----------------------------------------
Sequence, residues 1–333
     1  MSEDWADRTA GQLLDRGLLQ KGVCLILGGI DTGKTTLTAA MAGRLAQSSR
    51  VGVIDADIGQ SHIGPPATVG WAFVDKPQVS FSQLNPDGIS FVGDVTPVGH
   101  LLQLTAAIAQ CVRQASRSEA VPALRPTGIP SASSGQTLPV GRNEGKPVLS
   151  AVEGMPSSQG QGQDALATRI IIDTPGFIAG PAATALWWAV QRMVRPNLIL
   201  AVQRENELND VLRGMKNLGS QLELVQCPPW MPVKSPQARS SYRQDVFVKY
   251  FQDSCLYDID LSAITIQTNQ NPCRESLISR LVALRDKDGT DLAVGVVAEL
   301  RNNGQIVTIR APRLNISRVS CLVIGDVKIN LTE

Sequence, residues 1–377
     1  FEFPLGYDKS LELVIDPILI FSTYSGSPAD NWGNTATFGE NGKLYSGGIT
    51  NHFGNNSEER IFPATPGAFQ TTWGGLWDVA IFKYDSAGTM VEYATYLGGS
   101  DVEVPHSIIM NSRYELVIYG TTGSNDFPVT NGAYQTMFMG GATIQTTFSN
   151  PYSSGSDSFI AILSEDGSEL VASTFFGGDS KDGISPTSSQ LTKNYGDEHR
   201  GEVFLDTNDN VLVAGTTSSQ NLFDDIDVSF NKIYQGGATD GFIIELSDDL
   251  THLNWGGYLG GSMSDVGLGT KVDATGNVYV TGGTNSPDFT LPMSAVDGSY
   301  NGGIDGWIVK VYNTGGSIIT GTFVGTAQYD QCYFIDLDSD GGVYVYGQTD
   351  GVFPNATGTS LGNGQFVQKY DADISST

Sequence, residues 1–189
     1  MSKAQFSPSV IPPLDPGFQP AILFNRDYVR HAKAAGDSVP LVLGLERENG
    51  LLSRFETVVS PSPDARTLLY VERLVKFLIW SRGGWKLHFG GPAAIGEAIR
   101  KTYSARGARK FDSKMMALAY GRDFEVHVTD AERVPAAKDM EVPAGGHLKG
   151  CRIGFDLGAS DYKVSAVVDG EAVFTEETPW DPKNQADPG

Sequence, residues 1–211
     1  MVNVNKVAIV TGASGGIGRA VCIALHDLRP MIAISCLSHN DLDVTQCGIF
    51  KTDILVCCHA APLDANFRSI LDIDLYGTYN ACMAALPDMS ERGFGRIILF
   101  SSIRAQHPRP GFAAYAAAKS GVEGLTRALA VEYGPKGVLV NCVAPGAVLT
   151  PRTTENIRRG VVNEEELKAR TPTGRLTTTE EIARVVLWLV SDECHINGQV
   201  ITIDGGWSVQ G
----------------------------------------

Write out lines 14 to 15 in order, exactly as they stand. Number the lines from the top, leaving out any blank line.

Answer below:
   201  GEVFLDTNDN VLVAGTTSSQ NLFDDIDVSF NKIYQGGATD GFIIELSDDL
   251  THLNWGGYLG GSMSDVGLGT KVDATGNVYV TGGTNSPDFT LPMSAVDGSY